----- Bomber Daitai - ?
----- Attack Daitai - ?
--- 30th Destroyer Group
----(? ) 4 Destroyers
-- 2nd Air Sentai - Rear Admiral Horie
--- (Kaga) 90 aircraft capacity [%1]
----- Fighter daitai - 16 Nakajima A2N , ? Type 95 Mitsubishi A5M )[3]
---- Bomber Daitai - 14 carrier bombers (Aichi D1A1s, A2's)
---- Attack daitai - 22 Mitsubishi B2M, ? Type 96 Yokosuka B4Y1 Torpedo bomber [3]
--- 22nd Destroyer Group
---- (? )4 Destroyers

Notes:
% Air group was temporarily formed and attached to 3rd Fleet.
%1 1http://homepage2.nifty.com/nishidah/e/stc0201.htm 26 plane capacity.


Sources:
[1] Hsu Long-hsuen and Chang Ming-kai, History of The Sino-Japanese War (1937-1945) 2nd Ed. ,1971. Translated by Wen Ha-hsiung , Chung Wu Publishing; 33, 140th Lane, Tung-hwa Street, Taipei, Taiwan Republic of China.

Named Japanese ships at Shanghai :
Fleet HQ: Izumo , Notoro. Shanghai SNLF
1st Task Force (Syake flag), (10 Gunboats, Tenryu, Hirado, Togiwa, Zushima, and 5 Destroyers )
3rd Squadron (Naka F), Yura
1st Torpedo Squadron: (Yubari; flagship)
1st Aviation Squadron - (Kaga; flag) Housho and 4 destroyers

[3] Sino-Japanese Air War 1937-45 http://surfcity.kund.dalnet.se/sino-japanese.htm

[M144] Monograph 144 Chapter II http://www.ibiblio.org/pha/monos/144/14 ... 20Incident

[PWf] Forum: Pacific War 1941-1945, discussion about Shanghai Defense force Aug. 11 1937 http://f16.parsimony.net/forum27947/messages/6197.htm

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Post by asiaticus » 21 Nov 2005 07:44

It looks like the Japanese besides the Izumo mostly had cruisers, destroyers and gunboats providing the supporting fires. This would make sense in the relatively closed shallow waters of the rivers and coastal waters they were operating in.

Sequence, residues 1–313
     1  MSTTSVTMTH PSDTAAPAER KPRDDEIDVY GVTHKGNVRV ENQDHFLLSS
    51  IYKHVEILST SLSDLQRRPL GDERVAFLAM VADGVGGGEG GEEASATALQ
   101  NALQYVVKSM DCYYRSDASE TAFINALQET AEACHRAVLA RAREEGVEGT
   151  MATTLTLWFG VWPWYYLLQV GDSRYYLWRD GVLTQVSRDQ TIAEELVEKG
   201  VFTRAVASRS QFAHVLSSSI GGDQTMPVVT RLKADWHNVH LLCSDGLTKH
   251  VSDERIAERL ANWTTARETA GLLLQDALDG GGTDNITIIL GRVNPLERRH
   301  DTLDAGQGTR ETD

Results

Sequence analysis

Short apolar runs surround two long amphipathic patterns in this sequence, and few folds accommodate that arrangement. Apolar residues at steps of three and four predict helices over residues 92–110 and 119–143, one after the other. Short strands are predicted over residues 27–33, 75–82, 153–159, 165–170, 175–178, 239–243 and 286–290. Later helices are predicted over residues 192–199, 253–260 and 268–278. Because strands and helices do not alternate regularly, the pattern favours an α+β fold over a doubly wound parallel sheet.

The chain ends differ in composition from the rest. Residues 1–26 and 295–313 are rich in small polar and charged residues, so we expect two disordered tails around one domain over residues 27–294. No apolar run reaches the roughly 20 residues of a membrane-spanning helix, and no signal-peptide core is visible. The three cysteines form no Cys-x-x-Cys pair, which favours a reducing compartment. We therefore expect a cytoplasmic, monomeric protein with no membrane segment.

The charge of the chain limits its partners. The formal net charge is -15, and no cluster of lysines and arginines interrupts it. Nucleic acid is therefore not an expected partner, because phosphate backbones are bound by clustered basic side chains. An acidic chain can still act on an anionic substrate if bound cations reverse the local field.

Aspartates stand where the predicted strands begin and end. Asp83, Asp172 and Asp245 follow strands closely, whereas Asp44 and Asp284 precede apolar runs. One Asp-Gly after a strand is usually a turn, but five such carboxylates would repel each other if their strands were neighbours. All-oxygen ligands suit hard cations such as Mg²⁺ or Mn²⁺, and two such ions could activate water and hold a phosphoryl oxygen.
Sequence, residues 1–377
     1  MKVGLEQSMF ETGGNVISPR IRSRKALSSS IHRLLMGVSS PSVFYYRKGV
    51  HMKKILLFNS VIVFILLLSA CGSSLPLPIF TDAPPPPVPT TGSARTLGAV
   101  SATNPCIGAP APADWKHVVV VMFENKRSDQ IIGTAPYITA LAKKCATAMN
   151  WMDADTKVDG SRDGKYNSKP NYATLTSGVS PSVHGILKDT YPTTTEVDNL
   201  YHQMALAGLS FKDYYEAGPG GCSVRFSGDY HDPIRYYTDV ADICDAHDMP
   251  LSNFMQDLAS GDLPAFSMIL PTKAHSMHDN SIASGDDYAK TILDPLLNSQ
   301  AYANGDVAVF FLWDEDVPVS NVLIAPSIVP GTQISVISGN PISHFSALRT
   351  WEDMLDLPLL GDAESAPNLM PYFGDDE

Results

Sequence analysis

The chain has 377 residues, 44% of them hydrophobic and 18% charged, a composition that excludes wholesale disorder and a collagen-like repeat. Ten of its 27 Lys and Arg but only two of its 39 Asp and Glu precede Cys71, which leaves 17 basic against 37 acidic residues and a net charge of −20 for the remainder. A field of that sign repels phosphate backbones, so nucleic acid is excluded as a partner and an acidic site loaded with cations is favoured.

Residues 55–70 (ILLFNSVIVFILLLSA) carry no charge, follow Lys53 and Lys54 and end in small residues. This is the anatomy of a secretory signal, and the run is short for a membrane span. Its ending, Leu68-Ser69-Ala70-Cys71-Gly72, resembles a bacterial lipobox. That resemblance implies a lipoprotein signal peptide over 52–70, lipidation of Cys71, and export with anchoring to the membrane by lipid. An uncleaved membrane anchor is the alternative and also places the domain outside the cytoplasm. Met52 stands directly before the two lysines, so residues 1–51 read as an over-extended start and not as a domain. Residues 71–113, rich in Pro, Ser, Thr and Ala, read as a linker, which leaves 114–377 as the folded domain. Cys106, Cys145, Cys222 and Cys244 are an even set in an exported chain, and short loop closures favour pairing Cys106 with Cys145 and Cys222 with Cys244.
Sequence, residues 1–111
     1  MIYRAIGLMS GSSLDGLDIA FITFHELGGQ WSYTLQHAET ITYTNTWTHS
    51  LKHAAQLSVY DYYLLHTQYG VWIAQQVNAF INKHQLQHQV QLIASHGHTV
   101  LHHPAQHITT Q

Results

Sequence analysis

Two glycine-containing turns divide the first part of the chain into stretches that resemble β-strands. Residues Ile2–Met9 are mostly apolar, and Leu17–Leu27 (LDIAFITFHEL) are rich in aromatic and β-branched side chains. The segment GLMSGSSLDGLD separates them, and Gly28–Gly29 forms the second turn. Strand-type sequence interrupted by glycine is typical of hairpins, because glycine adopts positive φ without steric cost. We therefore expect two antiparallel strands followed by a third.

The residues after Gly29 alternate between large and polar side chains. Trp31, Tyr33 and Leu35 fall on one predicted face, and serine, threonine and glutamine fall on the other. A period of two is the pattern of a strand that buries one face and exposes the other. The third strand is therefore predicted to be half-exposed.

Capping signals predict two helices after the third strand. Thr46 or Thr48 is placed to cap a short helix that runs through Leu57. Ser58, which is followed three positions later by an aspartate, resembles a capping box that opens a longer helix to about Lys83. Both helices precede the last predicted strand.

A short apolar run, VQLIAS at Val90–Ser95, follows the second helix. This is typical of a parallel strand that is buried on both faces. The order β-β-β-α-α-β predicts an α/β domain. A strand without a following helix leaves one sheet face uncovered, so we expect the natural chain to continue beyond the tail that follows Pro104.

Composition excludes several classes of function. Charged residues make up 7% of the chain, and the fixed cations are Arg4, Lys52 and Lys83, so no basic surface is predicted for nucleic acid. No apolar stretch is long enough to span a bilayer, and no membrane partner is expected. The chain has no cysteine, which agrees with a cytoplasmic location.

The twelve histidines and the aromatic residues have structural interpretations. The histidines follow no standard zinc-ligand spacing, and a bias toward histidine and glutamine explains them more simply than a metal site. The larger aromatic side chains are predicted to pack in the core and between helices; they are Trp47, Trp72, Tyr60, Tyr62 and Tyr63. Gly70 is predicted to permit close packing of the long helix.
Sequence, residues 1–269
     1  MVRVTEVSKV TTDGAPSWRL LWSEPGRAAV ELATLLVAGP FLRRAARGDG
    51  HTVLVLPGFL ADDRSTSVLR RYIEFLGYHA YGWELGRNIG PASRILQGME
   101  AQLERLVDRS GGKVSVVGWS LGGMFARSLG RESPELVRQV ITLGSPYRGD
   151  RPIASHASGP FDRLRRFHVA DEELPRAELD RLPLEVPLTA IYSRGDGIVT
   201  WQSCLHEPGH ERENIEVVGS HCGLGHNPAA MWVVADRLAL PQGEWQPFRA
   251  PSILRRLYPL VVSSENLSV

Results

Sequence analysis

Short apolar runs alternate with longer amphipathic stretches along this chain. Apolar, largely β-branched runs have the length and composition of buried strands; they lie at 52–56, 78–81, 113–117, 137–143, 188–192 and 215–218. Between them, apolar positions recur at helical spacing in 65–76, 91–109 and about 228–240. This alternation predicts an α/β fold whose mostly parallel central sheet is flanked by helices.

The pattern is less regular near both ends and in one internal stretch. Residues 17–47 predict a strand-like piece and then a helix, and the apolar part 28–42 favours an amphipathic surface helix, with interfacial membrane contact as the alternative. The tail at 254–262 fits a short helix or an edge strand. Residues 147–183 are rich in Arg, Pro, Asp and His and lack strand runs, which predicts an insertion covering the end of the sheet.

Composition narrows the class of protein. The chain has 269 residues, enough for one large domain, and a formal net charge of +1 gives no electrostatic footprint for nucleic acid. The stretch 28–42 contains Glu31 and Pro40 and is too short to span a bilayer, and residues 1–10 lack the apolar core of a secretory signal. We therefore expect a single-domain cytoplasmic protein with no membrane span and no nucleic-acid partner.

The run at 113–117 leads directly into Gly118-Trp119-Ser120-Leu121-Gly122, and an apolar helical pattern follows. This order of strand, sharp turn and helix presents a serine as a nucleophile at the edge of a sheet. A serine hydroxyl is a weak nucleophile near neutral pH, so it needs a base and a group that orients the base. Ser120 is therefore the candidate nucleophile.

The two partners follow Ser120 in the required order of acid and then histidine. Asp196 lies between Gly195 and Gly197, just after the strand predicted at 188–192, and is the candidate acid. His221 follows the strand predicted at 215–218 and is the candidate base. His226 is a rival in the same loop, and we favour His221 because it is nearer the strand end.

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Post by Topspeed » 21 Nov 2005 08:17

Why did the japanese and the chinese fight in the first place ?

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Post by Tycoon2002 » 21 Nov 2005 11:31

Leonard wrote:May I ask which battleship is involved? I don't see the mentioning of any in your post.


Not sure what ships were involved but the Japanese did use their Navy to bombard the coast so the Chinese had to retreat to protect themselves from the barrage.

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Peter H
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Post by Peter H » 21 Nov 2005 12:56

Has anyone a map/s of the Shanghai fighting in 1937?

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Shanghai fighting in 1937?

Post by asiaticus » 21 Nov 2005 20:37

Here is a map of the Shanghai fighting in 1937 I ran across on the China defense forum:

Hope someone can translate the Chinese! :^)
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Post by Eugen Pinak » 22 Nov 2005 09:40

Are you sure that this map is not of 1932 conflict?

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Post by zstar » 24 Nov 2005 14:45

Image

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Re the map

Post by asiaticus » 26 Nov 2005 08:35

No its the map of the middle part of the fighting showing the landing and attacks of the reinforcing Shanghai Expeditionary Force from 8/22 to about 10/21/37.

The map is similar to Map 7 in a copy of Hsu Long-hsuen and Chang Ming-kai, History of The Sino-Japanese War, which shows the whole battle.

According to the Histories map the landings at the mouth of the river were by the main force of the Exp. Force spearheaded by the 9th and 11th Divisions, the landing up the coast was by the 3rd and 13th Divisions.